Otherwise named: I need a theology of asking.
I’ve skinned down to probably the most serious issue I have with fundraising.
For MONEY, of all the unholy things
My troubling thoughts about this are shooting out in myriad directions like a water balloon with multiple holes, so let me try to rein it in.
I don’t want to delve into the system or drawbacks of the independent Baptist method of missionary funding. Basically, for the unacquainted, a missionary family raises their own support to fund their living and ministry in their field of service. They do this by visiting a myriad of other Baptist churches, and some of them start to support that missionary family until they have the necessary amount. That’s the short of it. Individuals may also support them.
And you know, no missionary system is ideal or perfect, so I’m not going to gripe about it. It just is what it is.
And here I am, standing in it. And I need to say, I have issues with asking. I don’t mean emotional, I-feel-uncomfortable, put-me-on-the-psychologist’s-couch type of issues. I mean I have spiritual, theological, deep issues with asking.
I need a theology of asking. I’m writing myself into this, I hope, though I don’t know to what end.
Asking. “Just do it,” my mom would say
I sometimes work as a doula; clients pay me for my services. However, I’m not really comfortable with this “contractual” image between churches and a missionary. Like, are churches paying us for the service of doing missions for them where they can’t? From one angle, you could say that. But I don’t think it’s the image God wants. It’s not a business, a buy/sell relationship.
Let’s look at it another way. Let’s say, Vitaliy and I are called to missions work, and we ask churches/people to help us fulfill our calling. … I don’t like that either. Because missions is a mutual calling to churches and missionaries—maybe better to say, the work of missions is a mutual calling, a group command. And missions—missionaries themselves— arise out of the Spirit’s work in and through the church. For example, God led me into missions through my church. If I weren’t a part of a church, how could I be a missionary? I couldn’t. (I’m sure someone argumentative could think of a way, though.)
So it’s not that “we have a dream,” a calling, a vision, and we want you to come and help us, come be a part. That’s too much emphasis on us and maybe tries to play on uniqueness and who can have the most tantalizing dream/vision/calling to offer.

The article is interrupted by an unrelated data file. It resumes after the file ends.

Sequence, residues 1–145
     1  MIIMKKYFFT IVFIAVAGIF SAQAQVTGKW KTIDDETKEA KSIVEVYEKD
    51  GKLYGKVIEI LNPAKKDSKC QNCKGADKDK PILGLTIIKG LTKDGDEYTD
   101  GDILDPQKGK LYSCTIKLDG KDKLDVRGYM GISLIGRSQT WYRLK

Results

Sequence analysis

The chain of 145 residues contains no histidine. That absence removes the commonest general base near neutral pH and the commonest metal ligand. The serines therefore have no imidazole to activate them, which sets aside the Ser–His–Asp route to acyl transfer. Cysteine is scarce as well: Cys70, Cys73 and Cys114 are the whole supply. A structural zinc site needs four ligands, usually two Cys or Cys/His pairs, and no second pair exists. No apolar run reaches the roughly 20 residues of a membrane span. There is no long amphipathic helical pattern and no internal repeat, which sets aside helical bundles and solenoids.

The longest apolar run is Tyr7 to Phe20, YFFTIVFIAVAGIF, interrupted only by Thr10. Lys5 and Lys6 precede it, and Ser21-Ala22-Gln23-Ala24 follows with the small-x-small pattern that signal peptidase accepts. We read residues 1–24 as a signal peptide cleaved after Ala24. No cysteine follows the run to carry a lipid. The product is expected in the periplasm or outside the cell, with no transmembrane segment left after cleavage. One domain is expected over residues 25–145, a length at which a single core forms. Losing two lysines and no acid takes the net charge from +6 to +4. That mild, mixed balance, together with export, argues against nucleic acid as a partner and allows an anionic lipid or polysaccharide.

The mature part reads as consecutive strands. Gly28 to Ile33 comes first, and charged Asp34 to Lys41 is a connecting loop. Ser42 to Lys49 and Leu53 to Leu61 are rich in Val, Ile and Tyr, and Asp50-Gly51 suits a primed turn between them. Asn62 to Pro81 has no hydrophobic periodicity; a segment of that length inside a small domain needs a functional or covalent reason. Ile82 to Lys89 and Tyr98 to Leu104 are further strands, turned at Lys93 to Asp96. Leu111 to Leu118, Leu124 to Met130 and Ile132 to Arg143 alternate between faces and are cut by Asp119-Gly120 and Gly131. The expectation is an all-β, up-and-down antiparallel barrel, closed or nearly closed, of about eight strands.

More accurately, we all have the same dream, the same calling (to evangelize), and our family being devoted to this calling is like one branch shooting out of the group’s calling.
Asking is complicated.
- I don’t want to ask in a way that makes our relationship emphasize the contractual.
- I don’t want to ask in a way that emphasizes you supporting me and my calling, because it’s your calling too, generally, as a Christian, to do missions.
The biggest “ask” problem I have is this: asking like this (and I mean asking for support as a missionary family) is hard because I don’t see much example of it in the Bible. I’m not saying I think it’s sin; it’s just weird and awkward to be living one’s entire life from this position that’s never really pictured in the Bible. In the New Testament, asking of God for our needs is emphasized. Not asking of others. Not “offering” them the “opportunity” to be involved. So you see why it’s hard? On the one hand, I pore over my Bible, and I read over and over to ask of God.
I browsed the NT usages of ask, asked, asking, asks. And it was convicting to me how much I really need to be asking of God for fundraising. And He convicted me of my sins of distrust, disappointment, and discontent. Because how can I be rightly asking of God if I’m disappointed, distrustful, and discontent with Him? I can’t. And if He’s the One I’m to be asking of, then I need to be trusting and thankful towards Him. Otherwise, I’m not asking in the right way, and I’ve cut off myself from the very One I’m to be asking of.
So, this is where I’ve come so far.
The how, why, where of asking people . . . I’m still searching.